Yesterday is a point and click adventure game developed and published by Pendulo Studios. It is a mystery thriller set in New York where the homeless have been disappearing before being found burnt alive.
The game starts with a young Henry White and his friend Cooper going into an abandoned subway station in order to look for homeless people to help out. As members of a charity called The Children of Don Quixote that helps the homeless; White and Cooper have come to offer help despite being told not to. White goes in solo where he finds two men who are part of a cult; Boris, the follower and Choke, the leader of the cult. Cooper then has to go save him before the cult does anything harmful to his friend.
A few years later Henry has taken over his parents business and has become a successful businessman and philanthropist. His friend John Yesterday (who you now play as for the remainder of the game), having just recovered from a suicide attempt has come to see him. You learn that John was investigating Satanism in Paris before he tried to kill himself but he suffers from amnesia and can’t remember a thing. The only keepsake he has is the Y symbol burnt into his hand.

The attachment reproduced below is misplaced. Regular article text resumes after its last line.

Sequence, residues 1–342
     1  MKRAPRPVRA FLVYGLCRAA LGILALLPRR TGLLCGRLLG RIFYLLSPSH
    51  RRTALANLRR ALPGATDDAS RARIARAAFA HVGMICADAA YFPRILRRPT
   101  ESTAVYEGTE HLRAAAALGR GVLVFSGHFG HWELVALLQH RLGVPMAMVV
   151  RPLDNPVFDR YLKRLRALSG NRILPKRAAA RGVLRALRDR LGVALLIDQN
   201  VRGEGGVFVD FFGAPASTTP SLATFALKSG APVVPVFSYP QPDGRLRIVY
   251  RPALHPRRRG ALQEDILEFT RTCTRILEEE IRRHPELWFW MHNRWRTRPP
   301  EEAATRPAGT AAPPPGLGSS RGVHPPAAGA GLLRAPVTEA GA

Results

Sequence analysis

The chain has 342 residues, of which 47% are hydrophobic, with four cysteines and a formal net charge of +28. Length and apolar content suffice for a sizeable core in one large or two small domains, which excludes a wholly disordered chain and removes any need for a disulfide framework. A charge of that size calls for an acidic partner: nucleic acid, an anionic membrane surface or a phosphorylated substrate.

The game has been streamlined a lot to take some of the more boring elements of adventure games out of the equation but as a side effect makes the game much shorter. When you travel between locations and objects you phase out from where you are and reappear at the object/location. It takes all the mundane travel time that usually comes with adventure games and it’s hard to place whether it’s a good or a bad thing.
Objects inside and outside of your inventory can either be used or looked at but nothing else; which is a staple of modern adventure games but using items in your inventory is a little awkward. You have to drag them out each time you want to use them and if you have the item bar minimised it only increases the frustration.